SOURCE: Rachel Siegel | The Washington Post
The question was plastered throughout London’s subway system, and so was the model doing the asking. Clad in a tiny yellow bikini, her rib cage clearly visible, the woman squinted her eyes, pursed her lips and mused, “Are you beach body ready?”
The ad peddling a weight-loss product got a huge response, though likely not the one its creators had hoped. More than 70,000 people signed an online petition insisting the ads be taken down. The campaign also helped kick-start a review by the United Kingdom’s Advertising Standards Authority.
The result: No more gender stereotypes — including bone-thin models in scant bikinis — in British commercials, social media campaigns or online ads.
The new guidelines prohibit ads that play up roles deemed more feminine or male, as well as derogatory messages around body image. That would include a TV spot, for example, that shows children making a mess while a man props up his feet and a woman cleans up; or ads showing a man who can’t change a diaper or a woman who can’t park a car. Advertising that links physique and body image to a successful romantic or social life is also, as are ads that belittle men for doing stereotypical “female” tasks.
Gender stereotypes “can contribute to inequality in society, with costs for all of us,” Guy Parker, chief executive of the Advertising Standards Authority, said in a statement.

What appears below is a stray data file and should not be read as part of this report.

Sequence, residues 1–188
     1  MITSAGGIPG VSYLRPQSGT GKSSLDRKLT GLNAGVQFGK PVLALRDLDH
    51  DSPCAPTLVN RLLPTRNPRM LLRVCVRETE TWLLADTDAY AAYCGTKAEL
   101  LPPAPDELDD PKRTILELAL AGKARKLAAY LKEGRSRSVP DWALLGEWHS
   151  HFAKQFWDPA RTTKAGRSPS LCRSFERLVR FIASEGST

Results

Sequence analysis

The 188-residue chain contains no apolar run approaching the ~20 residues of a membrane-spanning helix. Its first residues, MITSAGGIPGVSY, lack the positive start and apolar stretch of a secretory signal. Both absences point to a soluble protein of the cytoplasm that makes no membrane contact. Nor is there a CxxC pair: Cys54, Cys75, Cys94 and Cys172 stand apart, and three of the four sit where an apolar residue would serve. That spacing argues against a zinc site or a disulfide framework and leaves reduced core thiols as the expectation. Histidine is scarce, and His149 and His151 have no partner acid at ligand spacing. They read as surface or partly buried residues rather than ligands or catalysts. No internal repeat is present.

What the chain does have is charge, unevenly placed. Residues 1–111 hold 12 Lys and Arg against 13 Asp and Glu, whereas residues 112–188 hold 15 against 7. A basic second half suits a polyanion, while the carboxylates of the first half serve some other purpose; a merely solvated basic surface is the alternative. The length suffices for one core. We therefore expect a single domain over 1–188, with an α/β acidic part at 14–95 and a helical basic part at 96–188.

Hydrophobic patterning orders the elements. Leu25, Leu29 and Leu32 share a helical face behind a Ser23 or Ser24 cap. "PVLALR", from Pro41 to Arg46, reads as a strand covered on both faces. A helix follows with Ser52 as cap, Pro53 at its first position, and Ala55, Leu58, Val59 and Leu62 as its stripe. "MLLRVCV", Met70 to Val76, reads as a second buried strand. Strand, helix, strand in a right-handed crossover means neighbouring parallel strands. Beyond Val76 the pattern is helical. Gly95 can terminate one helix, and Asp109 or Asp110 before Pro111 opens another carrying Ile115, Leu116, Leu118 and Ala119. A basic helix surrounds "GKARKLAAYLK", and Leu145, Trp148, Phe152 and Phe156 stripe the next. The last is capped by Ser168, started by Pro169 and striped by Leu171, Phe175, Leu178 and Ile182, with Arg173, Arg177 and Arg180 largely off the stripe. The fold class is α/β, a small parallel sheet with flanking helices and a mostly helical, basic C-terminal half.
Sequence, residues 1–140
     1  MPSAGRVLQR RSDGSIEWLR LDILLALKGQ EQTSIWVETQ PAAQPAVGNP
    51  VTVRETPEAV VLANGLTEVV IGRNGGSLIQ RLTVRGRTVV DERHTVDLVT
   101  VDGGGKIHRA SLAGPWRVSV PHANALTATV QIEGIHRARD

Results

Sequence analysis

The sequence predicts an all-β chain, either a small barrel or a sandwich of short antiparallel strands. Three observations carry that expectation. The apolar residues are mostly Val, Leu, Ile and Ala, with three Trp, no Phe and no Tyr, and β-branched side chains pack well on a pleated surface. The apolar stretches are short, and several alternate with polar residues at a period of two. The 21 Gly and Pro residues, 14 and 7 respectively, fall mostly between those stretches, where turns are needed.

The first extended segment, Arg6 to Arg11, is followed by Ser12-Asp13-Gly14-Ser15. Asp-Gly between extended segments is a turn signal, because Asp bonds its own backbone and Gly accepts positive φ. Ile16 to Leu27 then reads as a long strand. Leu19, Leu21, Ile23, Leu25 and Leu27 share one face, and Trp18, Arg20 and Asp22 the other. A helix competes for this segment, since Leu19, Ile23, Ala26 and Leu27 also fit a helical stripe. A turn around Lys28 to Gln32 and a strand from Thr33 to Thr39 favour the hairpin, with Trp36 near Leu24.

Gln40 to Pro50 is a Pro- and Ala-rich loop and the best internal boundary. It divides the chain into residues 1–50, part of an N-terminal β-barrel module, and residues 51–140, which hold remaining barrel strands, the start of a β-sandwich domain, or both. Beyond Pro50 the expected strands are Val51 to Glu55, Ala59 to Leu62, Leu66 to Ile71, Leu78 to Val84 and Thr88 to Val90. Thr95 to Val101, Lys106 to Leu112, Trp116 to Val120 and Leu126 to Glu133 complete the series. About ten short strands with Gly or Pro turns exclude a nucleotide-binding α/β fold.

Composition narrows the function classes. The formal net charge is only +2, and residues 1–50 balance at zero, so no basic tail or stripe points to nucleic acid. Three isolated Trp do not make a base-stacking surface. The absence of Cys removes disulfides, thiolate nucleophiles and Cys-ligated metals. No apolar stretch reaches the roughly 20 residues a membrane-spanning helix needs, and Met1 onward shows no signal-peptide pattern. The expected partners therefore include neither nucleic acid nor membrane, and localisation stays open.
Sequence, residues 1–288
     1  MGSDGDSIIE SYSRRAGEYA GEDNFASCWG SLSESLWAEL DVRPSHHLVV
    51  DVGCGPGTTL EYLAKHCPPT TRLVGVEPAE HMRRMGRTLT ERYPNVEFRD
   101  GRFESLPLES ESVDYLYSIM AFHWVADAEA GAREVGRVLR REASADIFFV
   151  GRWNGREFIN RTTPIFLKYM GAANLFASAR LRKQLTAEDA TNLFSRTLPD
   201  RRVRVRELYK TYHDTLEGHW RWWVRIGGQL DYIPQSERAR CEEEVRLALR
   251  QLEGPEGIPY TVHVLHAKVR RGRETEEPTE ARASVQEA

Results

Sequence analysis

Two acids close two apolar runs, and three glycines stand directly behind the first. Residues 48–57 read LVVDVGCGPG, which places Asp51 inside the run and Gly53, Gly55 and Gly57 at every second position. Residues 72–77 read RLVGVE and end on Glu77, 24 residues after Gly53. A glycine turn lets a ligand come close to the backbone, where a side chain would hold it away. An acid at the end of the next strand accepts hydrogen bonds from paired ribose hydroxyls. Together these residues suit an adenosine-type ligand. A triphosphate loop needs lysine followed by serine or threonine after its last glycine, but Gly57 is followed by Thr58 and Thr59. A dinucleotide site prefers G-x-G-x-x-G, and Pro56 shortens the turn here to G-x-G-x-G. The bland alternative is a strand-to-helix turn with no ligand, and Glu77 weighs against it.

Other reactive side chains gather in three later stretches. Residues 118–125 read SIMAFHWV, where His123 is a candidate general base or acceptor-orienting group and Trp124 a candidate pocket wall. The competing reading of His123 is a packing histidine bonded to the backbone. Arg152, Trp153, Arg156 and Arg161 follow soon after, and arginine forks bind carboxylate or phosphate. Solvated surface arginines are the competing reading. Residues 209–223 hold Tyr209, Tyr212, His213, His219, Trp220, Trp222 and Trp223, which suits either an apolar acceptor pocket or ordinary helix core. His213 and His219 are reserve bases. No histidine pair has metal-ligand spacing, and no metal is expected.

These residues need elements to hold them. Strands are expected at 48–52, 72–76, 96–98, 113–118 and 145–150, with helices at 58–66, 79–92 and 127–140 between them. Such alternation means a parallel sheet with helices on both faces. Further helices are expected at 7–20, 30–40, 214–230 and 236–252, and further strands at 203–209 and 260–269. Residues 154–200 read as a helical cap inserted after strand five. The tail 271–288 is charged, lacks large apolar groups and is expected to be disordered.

It’s in the interests of women and men, our economy and society that advertisers steer clear of these outdated portrayals.
“Put simply, we found that some portrayals in ads can, over time, play a part in limiting people’s potential,” he said. “It’s in the interests of women and men, our economy and society that advertisers steer clear of these outdated portrayals.”
The guidelines were approved in December, but the advertising industry was given six months to comply. Regulators will review any ads that could break the rules individually. And the guidelines don’t cover everything: They wouldn’t necessarily block ads that are targeted at one gender or simply show a woman shopping, for example.
The rules mimic ones adopted in Belgium, France, Norway, South Africa, India and elsewhere. A 1978 law, for example, bans sexism in Norwegian ads. Spain won’t allow ads depicting gender violence, according to the New York Times. In the United States, advertising campaigns geared toward children have their own restrictions to ensure that content is appropriate and safe.
Yet Britain’s guidelines raise questions about enforceability and practicality, said Beth Egan, an associate professor of advertising at Syracuse University. Until the ban is tested, Egan said, it’s hard to predict where the line will be drawn “between what’s a gender stereotype and what’s a representation of real life in the real world.”
Plus, Egan said, Americans shouldn’t assume that similar guidelines are around the corner here. The United States and Britain have significantly different standards and cultural expectations around privacy and regulation, even as they apply to ads promoting gender stereotypes.
“Our history is more about consumer backlash and self-regulation than allowing a voice from on high to come down and just say, ‘you can’t,’” Egan said.